Security experts have upgraded the threat level of a fast-spreading worm that could potentially wipe out files on a hard drive or make a computer crash.
The computer worm, W32.Sir Cam or Sir Cam, which arrives with an email attachment, asks victims in either Spanish or English to open an attached document.
The virus, which sends copies of itself to all email addresses in the computer's Microsoft Outlook address book, was discovered early last week and now appears to have sharply escalated.
Symantec's AntiVirus Research Center (SARC) classified the worm as a "severe" threat. According to SARC, several hundred computers at a handful of sites have been infected with the worm.
SARC reported that the worm arrives as an email message with the following content: the subject of the email will be random and will be the same as the filename of the attachment in the email.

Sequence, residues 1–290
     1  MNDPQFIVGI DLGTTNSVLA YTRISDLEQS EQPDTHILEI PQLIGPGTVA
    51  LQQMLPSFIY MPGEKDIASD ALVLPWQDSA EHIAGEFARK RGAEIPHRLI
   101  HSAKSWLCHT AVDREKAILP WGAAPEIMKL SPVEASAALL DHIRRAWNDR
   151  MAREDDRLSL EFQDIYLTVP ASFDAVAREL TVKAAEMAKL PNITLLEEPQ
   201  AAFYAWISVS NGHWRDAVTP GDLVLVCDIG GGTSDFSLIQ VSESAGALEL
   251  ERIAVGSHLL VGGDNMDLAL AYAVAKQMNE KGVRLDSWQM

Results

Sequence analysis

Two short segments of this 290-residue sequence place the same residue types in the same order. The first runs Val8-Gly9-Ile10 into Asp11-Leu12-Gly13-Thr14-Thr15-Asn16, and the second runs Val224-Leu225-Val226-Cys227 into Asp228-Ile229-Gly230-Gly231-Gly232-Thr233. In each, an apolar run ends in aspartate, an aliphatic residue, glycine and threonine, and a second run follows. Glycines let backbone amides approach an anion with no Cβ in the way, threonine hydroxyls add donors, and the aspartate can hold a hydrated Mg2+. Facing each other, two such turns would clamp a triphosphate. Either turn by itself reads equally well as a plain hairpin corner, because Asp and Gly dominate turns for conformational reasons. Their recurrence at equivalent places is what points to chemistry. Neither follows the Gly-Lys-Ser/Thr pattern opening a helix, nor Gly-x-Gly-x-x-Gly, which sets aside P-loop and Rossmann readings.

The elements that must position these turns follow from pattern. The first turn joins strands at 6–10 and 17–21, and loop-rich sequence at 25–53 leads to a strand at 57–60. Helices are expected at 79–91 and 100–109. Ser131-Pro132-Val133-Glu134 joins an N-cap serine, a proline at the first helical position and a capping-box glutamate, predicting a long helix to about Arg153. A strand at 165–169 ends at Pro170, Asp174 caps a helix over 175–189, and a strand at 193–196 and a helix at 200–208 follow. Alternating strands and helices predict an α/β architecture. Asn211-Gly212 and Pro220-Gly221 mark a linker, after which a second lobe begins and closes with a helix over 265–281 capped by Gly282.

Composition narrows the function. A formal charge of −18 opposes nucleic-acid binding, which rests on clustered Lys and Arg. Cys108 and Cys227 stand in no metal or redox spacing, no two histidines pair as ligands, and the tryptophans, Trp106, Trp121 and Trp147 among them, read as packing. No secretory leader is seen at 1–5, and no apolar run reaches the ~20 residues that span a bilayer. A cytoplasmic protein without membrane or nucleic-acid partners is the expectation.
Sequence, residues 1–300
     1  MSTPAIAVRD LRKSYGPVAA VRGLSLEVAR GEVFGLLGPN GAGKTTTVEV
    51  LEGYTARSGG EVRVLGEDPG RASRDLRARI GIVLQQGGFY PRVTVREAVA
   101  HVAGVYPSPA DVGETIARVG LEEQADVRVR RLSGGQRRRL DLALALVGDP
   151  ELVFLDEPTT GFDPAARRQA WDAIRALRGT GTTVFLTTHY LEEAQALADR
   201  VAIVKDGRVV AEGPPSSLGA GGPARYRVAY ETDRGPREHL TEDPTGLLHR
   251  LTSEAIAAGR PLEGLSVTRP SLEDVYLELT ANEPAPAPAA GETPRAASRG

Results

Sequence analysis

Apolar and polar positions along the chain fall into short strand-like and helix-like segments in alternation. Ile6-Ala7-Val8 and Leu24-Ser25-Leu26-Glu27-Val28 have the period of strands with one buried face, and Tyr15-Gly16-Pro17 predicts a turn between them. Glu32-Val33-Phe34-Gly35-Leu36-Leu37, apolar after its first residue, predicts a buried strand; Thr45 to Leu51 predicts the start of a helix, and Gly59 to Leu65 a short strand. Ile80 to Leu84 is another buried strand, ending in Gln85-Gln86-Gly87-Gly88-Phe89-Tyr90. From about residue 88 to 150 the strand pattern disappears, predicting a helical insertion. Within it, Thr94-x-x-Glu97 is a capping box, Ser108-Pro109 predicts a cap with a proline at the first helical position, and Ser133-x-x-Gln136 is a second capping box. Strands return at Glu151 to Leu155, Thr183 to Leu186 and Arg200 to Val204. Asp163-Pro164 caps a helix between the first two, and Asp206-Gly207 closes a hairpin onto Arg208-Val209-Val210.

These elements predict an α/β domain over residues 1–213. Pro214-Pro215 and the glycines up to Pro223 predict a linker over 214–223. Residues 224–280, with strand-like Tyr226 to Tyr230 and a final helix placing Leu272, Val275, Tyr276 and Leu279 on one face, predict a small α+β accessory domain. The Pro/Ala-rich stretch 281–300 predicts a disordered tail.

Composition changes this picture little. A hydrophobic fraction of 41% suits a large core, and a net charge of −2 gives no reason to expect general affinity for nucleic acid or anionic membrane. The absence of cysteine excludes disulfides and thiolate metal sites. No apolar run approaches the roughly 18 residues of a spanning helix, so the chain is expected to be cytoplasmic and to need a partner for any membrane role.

The message body will be semi-random but will always contain one of the following two lines, in English or in Spanish, as the first and last sentences of the message:
The first line will read "Hi! How are you?" Or "Hola, como estas?"
And the last line will read: "See you later. Thanks and Nos vemos pronto, gracias."
Many anti-virus vendors, including Trend Micro and McAfee, also issued updates to defend against Sir Cam. The virus is now No. 1 on Trend Micro's live tracking map of the Top 10 threats.
The general agreement among security and antiviral firms now is that Sir Cam is both a virus and a worm as it performs malicious actions on a computer similar to a virus, yet also replicates itself as a worm does.
When activated, the virus randomly chooses whether to take over all the unused space on a hard drive by filling it with text, or whether to delete the contents of the hard drive.
Sir Cam also worms its way into an infected computer's operating system and changes its identity with every infected email it sends.
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